King George Island, Antarctica -- “Where is the ice?” That’s the question that I heard most often when people saw the images from my Antarctica trip. And I have to admit it’s what I asked myself when I first set foot on King George Island, which lies 120 kilometers off the coast off Antarctica and is home to numerous international research stations. For here, the White Continent doesn’t quite live up to its name -- King George, the largest of the South Shetland Islands, is only partially covered by ice, part of the reason why countries the world over have chosen to set up their stations there.
During the summer in the southern hemisphere, dozens of scientists flock to the Chili’s Julio Escudero research base. That’s how I and several reporters from other media outlets get a chance to visit this corner of the world.
Our trip begins at Punta Arenas, in the south of Patagonia, where we arrive the morning of January 30. The ground rules for our visit are spelled out in an afternoon briefing. Antarctica is not your ordinary continent and if you want to visit, there are strict rules to follow. Nothing -- N-O-T-H-I-N-G -- can be thrown out into nature; you can’t pick up so much as a tiny plant or rock without prior authorization; you can’t get within three meters of any animals; if an animal gets closer to you, you are under no circumstances allowed to touch it.
We are supposed to leave for King George the following morning. Supposed to being the key words. This being nearly Antarctica, weather dictates travel. We’re told to keep our phones close and to be ready to leave at any moment, including in the middle of the night. In the end, we leave the following afternoon.
After a two-and-a-hal-hour flight in a 100-seat airplane, an island covered with white spots appears in the distance. We land on a gravel-covered runway, surrounded by hills. In the distance, we see a huge chunk of ice break from the ice shelf. We are in Antarctica.
Before getting out of the plane, we put on the snowsuits, parkas and hats lent to us by the institute before our departure. The temperature outside is quite bearable -- between 0 and minus 5 Celsius. We start walking to our base -- a few four-by-four vehicles transport luggage, but we walk the 20 minutes to our new temporary home.
King George is home to research bases from around a dozen countries. They look like a village. We are staying at the Chilean base, which includes a gymnasium, a post office, a bank. When I wander toward the Chinese base, my cell phone lights up “Welcome to China.” I take a few steps back, and I’m back in Chile. The Russians, a few meters away, have a church, a small wooden chapel overlooking the bay. There’s even a priest.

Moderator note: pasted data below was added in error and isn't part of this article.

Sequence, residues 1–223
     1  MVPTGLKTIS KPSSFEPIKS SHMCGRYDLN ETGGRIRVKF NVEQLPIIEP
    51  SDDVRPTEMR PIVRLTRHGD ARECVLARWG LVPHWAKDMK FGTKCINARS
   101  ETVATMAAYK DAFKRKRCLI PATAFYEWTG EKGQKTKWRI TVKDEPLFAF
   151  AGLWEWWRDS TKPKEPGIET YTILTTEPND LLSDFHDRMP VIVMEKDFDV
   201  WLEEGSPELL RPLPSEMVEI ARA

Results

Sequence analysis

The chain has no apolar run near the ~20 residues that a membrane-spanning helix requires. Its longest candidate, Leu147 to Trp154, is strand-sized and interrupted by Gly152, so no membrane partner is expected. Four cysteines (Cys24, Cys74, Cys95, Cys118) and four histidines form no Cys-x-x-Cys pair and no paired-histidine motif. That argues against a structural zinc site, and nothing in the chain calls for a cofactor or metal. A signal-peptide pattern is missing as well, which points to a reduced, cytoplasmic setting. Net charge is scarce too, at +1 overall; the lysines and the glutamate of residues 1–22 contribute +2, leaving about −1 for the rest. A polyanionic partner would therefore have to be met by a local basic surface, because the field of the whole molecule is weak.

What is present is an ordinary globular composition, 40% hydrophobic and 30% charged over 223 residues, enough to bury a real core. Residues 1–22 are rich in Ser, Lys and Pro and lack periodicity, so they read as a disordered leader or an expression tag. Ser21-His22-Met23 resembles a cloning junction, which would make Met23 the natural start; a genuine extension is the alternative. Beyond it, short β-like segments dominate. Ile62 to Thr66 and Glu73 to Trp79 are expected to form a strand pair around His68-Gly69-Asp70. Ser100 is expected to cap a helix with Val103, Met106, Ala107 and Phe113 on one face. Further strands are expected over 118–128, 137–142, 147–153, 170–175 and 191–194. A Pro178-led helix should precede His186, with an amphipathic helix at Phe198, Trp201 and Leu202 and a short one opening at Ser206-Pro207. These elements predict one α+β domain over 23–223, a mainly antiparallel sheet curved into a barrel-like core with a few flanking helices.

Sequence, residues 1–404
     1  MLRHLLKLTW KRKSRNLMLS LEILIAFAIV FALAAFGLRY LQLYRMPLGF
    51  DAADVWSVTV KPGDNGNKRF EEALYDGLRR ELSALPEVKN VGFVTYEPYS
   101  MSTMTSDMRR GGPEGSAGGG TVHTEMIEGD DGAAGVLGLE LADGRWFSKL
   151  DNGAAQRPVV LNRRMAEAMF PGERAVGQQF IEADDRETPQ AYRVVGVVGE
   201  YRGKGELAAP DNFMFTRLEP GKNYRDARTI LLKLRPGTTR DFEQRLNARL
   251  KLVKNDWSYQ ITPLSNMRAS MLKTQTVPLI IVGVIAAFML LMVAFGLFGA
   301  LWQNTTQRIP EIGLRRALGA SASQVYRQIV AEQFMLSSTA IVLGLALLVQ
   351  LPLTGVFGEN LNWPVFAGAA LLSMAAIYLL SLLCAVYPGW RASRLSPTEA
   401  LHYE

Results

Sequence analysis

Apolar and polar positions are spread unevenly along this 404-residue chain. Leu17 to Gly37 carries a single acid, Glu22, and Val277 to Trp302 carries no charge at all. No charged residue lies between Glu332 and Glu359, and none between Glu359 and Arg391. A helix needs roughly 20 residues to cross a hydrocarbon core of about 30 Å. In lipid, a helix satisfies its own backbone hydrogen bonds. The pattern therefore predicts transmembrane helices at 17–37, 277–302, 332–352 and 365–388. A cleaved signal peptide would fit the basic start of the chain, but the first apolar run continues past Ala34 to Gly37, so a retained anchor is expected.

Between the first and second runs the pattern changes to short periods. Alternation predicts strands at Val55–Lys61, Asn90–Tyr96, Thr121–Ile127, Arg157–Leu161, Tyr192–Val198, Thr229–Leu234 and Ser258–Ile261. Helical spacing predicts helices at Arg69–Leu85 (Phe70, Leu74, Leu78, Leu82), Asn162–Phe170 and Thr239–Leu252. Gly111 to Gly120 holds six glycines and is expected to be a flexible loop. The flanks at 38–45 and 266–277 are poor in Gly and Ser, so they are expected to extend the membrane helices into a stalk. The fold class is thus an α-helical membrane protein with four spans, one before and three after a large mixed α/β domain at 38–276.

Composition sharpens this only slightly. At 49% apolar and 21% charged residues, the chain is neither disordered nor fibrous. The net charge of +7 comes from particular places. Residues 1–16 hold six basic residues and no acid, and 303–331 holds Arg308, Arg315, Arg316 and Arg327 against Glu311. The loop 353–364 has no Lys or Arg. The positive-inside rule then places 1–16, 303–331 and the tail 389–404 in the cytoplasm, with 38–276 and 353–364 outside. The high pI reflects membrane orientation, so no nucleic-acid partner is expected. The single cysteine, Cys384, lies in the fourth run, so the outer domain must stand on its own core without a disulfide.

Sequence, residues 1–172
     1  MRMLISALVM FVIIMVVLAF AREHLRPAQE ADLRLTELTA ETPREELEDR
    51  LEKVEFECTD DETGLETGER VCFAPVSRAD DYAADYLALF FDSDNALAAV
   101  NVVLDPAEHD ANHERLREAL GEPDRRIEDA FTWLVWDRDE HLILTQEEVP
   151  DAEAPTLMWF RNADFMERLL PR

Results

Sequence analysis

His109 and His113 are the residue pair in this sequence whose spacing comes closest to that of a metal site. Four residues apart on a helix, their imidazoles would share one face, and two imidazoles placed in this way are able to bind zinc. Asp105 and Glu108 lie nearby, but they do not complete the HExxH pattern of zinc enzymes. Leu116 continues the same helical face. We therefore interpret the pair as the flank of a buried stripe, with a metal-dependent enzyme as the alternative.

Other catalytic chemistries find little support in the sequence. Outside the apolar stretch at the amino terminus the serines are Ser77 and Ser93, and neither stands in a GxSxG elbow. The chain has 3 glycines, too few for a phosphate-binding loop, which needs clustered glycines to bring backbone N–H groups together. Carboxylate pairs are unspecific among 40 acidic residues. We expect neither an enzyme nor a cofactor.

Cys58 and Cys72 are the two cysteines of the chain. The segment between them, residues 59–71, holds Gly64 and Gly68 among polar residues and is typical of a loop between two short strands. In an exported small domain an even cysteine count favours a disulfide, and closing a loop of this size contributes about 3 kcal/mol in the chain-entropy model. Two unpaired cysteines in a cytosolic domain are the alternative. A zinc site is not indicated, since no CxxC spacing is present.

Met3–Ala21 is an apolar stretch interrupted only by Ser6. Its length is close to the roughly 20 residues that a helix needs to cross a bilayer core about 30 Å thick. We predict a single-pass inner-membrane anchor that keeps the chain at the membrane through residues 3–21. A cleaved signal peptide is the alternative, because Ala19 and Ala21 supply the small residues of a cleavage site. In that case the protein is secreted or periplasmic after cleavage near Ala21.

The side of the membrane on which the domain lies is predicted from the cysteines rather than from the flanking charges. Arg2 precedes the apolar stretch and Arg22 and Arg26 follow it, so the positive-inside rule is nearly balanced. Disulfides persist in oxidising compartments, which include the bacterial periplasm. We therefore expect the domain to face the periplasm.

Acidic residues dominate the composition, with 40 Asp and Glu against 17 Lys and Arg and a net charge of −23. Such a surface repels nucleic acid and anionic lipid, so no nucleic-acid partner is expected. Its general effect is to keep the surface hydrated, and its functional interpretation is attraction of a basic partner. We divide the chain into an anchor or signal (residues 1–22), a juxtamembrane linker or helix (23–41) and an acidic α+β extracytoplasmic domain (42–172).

During the summer, temperatures here hover around zero degrees Celsius, but it can feel much colder because of the wind chill and especially when you’re moving around by boat, the second most popular mode of transport after your own two feet. There is a three-layer rule to clothes here -- long underwear, followed by fleece and then pants and parkas.
The base feels like a vacation resort. Scientists usually come here for between one and three months. Their days follow a rhythm of outings to sites and meals. There may be banks and post offices here, but, as the document that I received ahead of the trip clearly told me “There are no stores in Antarctica!” so people must come with their own supplies of whatever it is they want. One of my neighbors in the dormitory took the warning to heart, stuffing her suitcase with treats.
Antarctica is the only continent that has never had an indigenous population and does not have permanent residents. You feel it when you get here -- you are lucky enough to be stepping on nearly virgin land. Man is an intruder here, something that the animals never cease to remind him. The skuas (brown seabirds) that make their home here do not hesitate to let imprudent visitors know their place; the elephant seals and sea lions dotting the rocks will readily roar if you approach a bit too close. The only ones who don’t seem to mind the human visitors are the penguins, who seem to be on the beach at all hours and who graciously let us film their regal selves.
One day, we accompany a researcher to a little island of Adley, where there is a colony of Gentoo Penguins. Remembering the instructions we received, I set up my tripod at a respectable distance and start to film. But the penguins are curious, especially the young ones. One is particularly fascinated by my camera and its blue microphone, which he dabs at. I try to step back, but my new assistant has no intention of letting me go. Finally his Mom comes to my rescue, telling him in no uncertain terms to get away from the camera lady.
When it’s time to leave, we’re faced with the same uncertainty as when we arrived -- noone knows for sure when we’ll be able to do so. In the end we’re lucky because bad weather only delays our departure by a day (it’s not uncommon to get stuck for a week or more).
I have no desire to leave. It feels like such a privilege to have been here. I’d like to go further south, to see the ice floes and landscapes that look more like what you would expect to find on the frozen continent. Perhaps another day.
This blog was written with Yana Dlugy in Paris.